From Toledo, Ohio, USA:
What is the youngest a child can be diagnosed with diabetes? Are there any early signs and symptoms to watch for in a baby between 5 months and 2 years?
This question was referred to several members of the Diabetes Team, who have each given an answer:
Answer from Dr. O'Brien:There is a benign transient form of hyperglycemia and glucosuria that may occur in the newborn period that has been called 'pseudodiabetes.' It is not related to Type 1 diabetes.
Type 1 Diabetes is very uncommon in the first two years of life. In a recent multicenter study in Germany which involved over 1000 newborn infants who had either a mother or a father with Type 1 diabetes, only three developed clinical diabetes in the first two years, the youngest being at 13 months of age. If neither parent is affected, the incidence would be much lower still. Autoantibodies (which indicated that the destructive immune process had begun) were present several months before the clinical onset.
Signs of diabetes in infancy are more frequent urination, thirst and failure to gain weight. If you were worried about this very unlikely event, your pediatrician could help you to test for sugar in the urine or even to do a fasting blood sugar.
Answer from Dr. Lebinger:True insulin-dependent diabetes can occur in very young infants under 5 months of age, though this is less common than in older infants and children. Although usually the first symptoms in an older infant or child are excessive thirst and urination followed by weight loss, these symptoms may not be noticed in a young infant who is in a diaper and being fed formula or mother's milk.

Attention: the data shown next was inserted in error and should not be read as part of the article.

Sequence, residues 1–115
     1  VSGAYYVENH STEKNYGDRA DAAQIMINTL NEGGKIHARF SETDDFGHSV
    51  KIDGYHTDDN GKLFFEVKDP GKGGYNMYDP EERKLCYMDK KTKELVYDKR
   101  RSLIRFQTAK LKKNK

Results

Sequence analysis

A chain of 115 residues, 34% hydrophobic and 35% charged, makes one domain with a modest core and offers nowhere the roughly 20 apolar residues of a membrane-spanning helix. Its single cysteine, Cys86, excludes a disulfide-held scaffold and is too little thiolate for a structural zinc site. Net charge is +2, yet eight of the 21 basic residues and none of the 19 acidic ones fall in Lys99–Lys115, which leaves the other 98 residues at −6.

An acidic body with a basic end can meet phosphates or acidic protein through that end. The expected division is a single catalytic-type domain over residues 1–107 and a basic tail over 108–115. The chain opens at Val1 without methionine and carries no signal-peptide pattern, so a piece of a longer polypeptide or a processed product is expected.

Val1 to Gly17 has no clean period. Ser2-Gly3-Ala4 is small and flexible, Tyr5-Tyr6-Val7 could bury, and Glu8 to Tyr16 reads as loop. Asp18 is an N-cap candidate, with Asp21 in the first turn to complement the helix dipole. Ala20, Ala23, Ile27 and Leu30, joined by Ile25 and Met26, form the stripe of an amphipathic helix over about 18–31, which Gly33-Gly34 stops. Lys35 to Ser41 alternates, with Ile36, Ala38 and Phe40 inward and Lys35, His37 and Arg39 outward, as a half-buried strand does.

In my experience, the babies I have seen who were diagnosed at 2-3 months of age were diagnosed as part of the evaluation of severe vomiting and dehydration or difficulty breathing initially diagnosed as severe bronchiolitis or asthma. (When ketoacidosis develops, vomiting can become severe, and breathing can be very rapid). Only retrospectively when questioned further had some of the parents noticed that their child's diapers were being saturated more quickly or that the child wanted to drink more, and usually they thought this was normal because the child was growing.
The progression from the early symptoms when the child does not appear sick to the late symptoms when the child can be dangerously ill, can progress very rapidly in an infant.
You may want to read the personal stories written by parents of children who were diagnosed in infancy in our Parents and Kids section. You might want to read the story of Jacob in the Kids' Voices section. He was diagnosed with diabetes at 23 days of life!
Original posting 29 Jan 97
Last Updated: Tuesday April 06, 2010 15:08:52
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